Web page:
For business, do you have the Defender endpoint/connected to the Office Defender – the suite that is included in either an E5 subscription or a Microsoft Business premium offering? If you are just doing endpoint without the Office and the cloud piece, you aren’t seeing the whole thing in action.

            I think logging is weak in all of the products that I’ve seen. At least with E5/Business premium there is a forensic timeline that you can review.

            Susan Bradley Patch Lady/Prudent patcher

      • #2534073

        “Write about those”.

        I don’t pay for EDR from any of those other companies. I pay for Microsoft Business premium which includes the Microsoft Defender endpoint solution that I wrote about.  I much prefer to write about solutions I personally have experience with, have used for years and recommend to others.  I don’t write about antivirus that I’ve not used or would not recommend. Clearly that’s what those other web sites are for.  If you want to know about what “I” recommend and what “I” use, well there you have it.

        Susan Bradley Patch Lady/Prudent patcher

    • #2533883

      I used to use Kaspersky but discontinued it (with some difficulty including sending emails trying, eventually successfully, to get repaid!)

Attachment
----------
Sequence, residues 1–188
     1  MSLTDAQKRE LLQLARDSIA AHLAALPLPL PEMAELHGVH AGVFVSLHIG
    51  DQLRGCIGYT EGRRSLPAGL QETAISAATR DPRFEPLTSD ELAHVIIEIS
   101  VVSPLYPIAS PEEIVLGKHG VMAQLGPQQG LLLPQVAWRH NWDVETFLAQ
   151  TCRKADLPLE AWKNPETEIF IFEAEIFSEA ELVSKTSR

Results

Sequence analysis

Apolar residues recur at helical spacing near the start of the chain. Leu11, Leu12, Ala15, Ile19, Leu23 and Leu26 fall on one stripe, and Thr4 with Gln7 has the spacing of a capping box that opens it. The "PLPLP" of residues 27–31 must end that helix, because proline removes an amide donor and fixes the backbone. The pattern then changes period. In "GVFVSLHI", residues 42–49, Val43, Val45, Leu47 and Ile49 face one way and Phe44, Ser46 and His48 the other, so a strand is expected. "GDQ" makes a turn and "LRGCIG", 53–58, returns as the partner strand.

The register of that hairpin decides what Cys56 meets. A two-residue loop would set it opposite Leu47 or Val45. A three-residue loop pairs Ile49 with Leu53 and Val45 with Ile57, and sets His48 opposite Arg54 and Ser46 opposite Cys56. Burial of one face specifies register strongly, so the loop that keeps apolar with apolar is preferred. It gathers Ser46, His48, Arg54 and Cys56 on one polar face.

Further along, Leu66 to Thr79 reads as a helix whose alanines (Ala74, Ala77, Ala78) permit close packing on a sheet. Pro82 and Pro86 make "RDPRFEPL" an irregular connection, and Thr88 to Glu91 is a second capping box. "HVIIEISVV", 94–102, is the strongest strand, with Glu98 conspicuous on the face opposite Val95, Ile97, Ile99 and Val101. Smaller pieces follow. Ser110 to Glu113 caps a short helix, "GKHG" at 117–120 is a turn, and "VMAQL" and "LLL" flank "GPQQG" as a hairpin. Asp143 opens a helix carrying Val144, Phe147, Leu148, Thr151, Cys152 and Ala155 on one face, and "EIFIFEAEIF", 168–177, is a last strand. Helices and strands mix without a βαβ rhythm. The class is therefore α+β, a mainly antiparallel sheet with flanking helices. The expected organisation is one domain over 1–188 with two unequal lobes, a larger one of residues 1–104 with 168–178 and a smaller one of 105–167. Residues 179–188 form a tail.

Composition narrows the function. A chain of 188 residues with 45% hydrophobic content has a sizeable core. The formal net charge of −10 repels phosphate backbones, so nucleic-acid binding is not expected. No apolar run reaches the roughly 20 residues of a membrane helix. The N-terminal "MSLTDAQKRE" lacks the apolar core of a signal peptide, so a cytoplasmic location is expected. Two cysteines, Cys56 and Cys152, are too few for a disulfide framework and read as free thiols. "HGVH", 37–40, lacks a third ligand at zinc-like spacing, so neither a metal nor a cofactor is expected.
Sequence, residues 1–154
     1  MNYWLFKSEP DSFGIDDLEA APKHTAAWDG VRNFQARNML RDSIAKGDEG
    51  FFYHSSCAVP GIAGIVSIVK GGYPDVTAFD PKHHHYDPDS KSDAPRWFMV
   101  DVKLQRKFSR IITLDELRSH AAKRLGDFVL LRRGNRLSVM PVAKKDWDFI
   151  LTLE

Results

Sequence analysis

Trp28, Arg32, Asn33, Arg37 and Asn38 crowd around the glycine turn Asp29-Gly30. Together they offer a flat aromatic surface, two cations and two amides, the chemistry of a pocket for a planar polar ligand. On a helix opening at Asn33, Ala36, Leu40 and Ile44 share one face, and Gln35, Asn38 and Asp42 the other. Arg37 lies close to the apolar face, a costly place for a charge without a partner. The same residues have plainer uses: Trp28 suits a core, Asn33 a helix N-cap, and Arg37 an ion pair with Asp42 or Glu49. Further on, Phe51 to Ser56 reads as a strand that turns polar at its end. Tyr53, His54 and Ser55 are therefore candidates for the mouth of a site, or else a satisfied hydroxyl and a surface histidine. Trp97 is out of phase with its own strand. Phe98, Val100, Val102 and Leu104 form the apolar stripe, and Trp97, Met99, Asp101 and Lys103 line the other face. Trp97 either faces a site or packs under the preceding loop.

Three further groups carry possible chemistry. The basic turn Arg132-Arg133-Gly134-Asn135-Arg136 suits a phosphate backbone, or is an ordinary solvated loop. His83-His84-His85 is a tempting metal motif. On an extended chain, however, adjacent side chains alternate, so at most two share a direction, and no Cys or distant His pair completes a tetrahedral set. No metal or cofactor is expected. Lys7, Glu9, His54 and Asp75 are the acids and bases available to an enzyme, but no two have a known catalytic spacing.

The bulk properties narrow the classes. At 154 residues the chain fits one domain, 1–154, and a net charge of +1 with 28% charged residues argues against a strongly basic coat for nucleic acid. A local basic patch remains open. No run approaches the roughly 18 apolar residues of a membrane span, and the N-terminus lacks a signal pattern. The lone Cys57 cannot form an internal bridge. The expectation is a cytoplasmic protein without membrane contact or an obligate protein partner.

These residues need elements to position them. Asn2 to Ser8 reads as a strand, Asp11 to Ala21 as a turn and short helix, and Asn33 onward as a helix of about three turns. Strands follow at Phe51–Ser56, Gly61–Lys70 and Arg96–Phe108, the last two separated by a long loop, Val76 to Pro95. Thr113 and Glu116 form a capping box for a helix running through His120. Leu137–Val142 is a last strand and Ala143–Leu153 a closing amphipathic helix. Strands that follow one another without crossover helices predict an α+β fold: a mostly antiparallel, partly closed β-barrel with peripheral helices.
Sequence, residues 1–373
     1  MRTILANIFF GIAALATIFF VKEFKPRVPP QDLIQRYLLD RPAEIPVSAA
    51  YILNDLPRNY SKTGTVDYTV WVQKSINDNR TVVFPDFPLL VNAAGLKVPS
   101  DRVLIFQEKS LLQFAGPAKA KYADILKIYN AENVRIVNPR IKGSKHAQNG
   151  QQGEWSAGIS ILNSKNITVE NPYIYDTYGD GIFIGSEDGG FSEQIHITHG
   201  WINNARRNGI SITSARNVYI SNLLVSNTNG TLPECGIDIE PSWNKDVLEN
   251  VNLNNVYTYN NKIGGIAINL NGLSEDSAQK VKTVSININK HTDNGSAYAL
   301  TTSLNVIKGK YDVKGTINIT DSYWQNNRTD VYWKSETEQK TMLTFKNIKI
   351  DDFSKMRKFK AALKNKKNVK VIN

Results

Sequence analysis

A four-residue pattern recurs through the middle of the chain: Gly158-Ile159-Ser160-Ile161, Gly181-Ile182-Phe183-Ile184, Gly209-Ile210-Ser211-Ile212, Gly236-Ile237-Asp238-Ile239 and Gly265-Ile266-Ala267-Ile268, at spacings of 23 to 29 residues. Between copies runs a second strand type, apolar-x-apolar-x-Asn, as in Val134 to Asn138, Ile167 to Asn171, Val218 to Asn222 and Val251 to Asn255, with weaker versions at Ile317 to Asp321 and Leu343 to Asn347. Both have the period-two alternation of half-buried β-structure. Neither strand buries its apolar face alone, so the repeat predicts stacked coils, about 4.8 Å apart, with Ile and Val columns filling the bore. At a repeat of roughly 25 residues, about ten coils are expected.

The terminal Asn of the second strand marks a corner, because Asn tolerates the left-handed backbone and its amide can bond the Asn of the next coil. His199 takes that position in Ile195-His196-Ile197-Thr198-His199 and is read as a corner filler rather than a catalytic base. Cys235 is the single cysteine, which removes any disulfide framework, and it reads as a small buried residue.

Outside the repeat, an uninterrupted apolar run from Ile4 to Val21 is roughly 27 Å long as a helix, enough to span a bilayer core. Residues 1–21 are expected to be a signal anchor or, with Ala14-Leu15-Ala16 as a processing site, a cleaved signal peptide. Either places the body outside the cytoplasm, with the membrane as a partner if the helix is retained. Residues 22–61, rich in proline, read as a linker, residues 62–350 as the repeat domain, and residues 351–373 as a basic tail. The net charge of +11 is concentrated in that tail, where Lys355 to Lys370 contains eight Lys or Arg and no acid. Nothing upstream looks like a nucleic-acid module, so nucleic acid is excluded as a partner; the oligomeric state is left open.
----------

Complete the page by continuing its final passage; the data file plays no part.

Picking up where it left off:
I have been using Microsoft defender for a couple of years and it’s worked well.

      Regarding emails, I use Outlook 2019 and have set it so that everything goes to Junk except those I have said are Safe.  This makes certain I don’t open anything accidentally.

      By the way, the Outlook 2019 reminder box that pops up has just been changed by MS in an update to make it less obvious which item you are saying Dismiss (or otherwise) to.  It’s really stupid!

    • #2533935

      Stopped using Kaspersky after February 2022 (having been a loyal user for more than 10 years).

      Now use ******360,  which appears to work – but a bit of a culture shock!

    • #2533954

      I generally agree with sticking with the built-in Windows security tools.

      Maybe add Malwarebytes Free and their ADW Cleaner as second-opinion scanners.

      WDO has never worked for me on my dual-boot systems, so I can’t evaluate it.

      Macrium Reflect (no longer free as of the end of 2023) and some other still free programs allow the creation of a bootable rescue media (even under Windows 11 with TPM security) designed for system recovery outside of any OS. I find I can in these environments add a Folder containing my favorite malware scanners. Kaspersky and Microsoft Safety Scanner can be run as stand-alone scanners in this way. There may be other stand-alone options. I will not speculate about Kaspersky’s relationship with a foreign government.